A publication of the Archaeological Institute of America
Off the Grid
San Pedro de Atacama, Chile
As a central base camp for travelers who want to explore Chile’s Atacama Desert, San Pedro de Atacama is a literal oasis in one of the driest regions on Earth. The town is home to the Atacameños, an Indigenous people who first settled the area 3,000 years ago. The Atacameños, whose ancestors had hunted and gathered in the foothills of the Andes for millennia, relocated to the desert and began to grow maize, which had come to the area from Mesoamerica. They established permanent settlements alongside rivers and salt flats and built exchange networks that spanned thousands of miles across South America. According to archaeologist Mark Hubbe of Ohio State University, evidence of these interregional networks is apparent in burial goods excavated from Atacameño cemetery sites. “Atacameños wanted to represent the status of their dead through burial offerings, many of which were brought in from outside the Atacama region,” he says.
Beginning around A.D. 600, the area came under the influence of the Tiwanaku culture, an Andean civilization based in the Lake Titicaca basin of what is now Bolivia. The Tiwanaku dominated an extensive swath of the Andes until about A.D. 1000 by exporting their religious beliefs, iconography, and ceramics, and, in some cases, by conquering their neighbors. Tiwanaku-style pottery, snuff tablets, and gold objects have been discovered at cemeteries around San Pedro de Atacama. The Inca, seeking to take advantage of the Atacama Desert’s natural resources, including salt and copper ore, built military outposts in the area around 1450. However, Hubbe says, there is no evidence that the Inca ever directly subjugated the Atacameños.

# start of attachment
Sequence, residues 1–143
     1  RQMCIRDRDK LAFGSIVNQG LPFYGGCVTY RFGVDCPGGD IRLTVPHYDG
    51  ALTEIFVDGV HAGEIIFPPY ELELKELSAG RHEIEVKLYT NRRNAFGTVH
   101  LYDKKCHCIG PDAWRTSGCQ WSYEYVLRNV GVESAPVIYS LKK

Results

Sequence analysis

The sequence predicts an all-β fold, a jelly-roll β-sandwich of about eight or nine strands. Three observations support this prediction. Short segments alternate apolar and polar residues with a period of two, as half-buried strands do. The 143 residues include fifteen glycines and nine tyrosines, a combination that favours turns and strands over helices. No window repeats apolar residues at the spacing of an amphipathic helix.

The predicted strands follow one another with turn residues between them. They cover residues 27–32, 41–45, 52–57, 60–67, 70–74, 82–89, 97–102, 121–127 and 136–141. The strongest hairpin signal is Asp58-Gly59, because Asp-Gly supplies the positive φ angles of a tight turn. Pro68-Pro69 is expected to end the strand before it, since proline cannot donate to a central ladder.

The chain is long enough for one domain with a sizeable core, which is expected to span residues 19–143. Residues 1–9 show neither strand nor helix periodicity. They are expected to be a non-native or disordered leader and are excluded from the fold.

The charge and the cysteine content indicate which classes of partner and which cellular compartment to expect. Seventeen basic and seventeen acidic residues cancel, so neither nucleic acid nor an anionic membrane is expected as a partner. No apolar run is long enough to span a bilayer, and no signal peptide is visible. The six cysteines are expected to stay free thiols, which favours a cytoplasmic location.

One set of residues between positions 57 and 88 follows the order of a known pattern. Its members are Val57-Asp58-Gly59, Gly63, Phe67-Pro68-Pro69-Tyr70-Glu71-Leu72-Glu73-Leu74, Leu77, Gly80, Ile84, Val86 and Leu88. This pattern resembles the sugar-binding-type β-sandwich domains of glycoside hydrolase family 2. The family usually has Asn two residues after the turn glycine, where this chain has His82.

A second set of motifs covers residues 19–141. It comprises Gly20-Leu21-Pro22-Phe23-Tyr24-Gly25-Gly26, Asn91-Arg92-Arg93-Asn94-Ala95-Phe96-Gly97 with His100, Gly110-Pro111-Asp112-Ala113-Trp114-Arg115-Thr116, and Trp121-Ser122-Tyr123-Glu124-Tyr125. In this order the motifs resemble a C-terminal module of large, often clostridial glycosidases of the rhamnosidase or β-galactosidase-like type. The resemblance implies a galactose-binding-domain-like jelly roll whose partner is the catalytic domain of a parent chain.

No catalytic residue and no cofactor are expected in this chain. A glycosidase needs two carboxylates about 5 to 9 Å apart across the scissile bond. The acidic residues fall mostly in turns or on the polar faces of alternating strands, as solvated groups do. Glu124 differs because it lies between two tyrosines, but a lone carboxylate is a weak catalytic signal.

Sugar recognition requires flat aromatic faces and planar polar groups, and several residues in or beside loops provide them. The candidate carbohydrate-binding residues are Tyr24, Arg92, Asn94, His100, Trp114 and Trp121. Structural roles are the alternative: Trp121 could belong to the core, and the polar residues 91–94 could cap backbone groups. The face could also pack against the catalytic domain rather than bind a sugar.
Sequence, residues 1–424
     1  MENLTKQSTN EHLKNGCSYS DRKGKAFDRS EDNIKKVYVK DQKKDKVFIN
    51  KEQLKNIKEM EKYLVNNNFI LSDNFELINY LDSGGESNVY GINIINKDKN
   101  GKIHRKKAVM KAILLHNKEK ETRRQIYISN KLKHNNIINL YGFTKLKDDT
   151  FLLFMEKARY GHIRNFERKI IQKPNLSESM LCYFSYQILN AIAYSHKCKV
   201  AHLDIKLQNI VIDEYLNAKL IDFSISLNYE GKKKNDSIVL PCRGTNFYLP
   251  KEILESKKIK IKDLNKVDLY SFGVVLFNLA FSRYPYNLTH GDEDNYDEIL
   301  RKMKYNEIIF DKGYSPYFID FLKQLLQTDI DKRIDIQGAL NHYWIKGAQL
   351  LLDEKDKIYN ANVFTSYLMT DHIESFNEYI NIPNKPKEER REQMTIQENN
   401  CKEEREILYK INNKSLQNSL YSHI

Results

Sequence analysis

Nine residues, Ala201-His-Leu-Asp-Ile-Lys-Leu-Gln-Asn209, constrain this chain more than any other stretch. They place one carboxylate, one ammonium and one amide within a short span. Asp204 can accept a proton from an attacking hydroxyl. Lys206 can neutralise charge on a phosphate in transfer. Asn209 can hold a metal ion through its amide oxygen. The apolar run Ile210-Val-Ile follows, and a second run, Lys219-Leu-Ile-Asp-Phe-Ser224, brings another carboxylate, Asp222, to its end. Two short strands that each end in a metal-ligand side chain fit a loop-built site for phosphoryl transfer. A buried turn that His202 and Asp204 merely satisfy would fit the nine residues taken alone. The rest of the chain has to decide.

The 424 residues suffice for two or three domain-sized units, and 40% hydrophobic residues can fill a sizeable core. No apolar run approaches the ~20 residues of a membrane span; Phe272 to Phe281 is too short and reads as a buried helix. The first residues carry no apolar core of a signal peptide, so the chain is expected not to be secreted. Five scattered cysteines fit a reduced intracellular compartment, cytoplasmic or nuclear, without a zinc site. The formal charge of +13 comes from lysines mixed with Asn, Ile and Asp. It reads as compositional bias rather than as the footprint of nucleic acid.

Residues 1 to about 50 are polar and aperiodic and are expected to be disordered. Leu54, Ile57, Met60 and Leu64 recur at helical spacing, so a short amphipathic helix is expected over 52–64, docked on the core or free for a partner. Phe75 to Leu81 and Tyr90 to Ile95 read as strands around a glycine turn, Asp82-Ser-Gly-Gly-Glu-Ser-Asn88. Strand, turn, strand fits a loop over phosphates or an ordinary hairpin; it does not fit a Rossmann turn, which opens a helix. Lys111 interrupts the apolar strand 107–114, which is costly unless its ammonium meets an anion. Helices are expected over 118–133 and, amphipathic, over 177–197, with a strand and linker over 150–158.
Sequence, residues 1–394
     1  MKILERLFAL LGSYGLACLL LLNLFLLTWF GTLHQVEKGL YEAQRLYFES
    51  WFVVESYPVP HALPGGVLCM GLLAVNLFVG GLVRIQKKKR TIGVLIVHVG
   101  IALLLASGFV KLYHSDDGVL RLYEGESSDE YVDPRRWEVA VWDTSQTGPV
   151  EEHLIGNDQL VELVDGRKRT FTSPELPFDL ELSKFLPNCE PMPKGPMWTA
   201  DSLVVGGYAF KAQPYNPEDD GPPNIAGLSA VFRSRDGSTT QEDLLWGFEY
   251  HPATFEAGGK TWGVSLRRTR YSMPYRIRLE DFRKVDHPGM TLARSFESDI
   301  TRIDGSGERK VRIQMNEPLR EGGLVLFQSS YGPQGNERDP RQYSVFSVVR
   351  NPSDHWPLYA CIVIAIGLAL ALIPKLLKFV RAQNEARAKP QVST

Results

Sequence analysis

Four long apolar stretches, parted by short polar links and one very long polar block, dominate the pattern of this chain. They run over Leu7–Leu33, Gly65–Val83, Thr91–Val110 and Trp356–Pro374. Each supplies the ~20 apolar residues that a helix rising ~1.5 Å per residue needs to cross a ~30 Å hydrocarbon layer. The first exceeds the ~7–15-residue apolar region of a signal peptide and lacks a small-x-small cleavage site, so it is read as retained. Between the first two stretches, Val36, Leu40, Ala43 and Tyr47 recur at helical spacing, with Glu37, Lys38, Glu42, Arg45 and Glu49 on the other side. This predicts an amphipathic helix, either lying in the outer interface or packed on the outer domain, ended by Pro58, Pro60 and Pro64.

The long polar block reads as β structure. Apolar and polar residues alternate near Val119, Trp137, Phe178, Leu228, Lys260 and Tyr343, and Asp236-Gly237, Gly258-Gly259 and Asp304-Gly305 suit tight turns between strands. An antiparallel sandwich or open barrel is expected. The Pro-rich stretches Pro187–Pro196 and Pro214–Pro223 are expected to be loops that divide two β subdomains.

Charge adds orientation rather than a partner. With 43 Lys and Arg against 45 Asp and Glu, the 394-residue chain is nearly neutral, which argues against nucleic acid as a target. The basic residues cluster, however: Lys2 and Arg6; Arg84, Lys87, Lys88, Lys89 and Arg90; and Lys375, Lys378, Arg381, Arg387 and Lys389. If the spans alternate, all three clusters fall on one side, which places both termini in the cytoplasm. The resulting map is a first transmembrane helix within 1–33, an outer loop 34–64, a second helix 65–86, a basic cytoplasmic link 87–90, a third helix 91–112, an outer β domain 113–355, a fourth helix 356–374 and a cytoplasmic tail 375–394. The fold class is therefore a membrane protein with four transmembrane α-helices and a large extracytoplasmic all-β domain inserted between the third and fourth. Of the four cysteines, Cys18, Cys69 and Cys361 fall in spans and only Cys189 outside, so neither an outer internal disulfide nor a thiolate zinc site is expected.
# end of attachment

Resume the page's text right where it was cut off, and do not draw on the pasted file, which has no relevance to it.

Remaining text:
Your hotel can easily arrange tours of the archaeological sites in and around San Pedro de Atacama, which range from the early Atacameño settlement period through the Inca era and beyond. Start at Aldea de Tulor, a village of hundreds of circular clay houses founded in about 300 B.C. that was abandoned when the nearby San Pedro River shifted course. Next, visit Pukará de Quitor, the ruins of a hill fortress dating to around the twelfth century, when the influence of the Tiwanaku had waned and local political leaders jostled for supremacy. Petroglyphs spanning thousands of years can be seen at Yerbas Buenas and at Río Grande, an hour drive north from San Pedro de Atacama.
WHILE YOU'RE THERE
Take in the steam spouting from nearby El Tatio, the third-largest geyser field in the world, or head out to the salt flats where pink flamingos add color to the otherworldly landscape of one of the world’s driest deserts.
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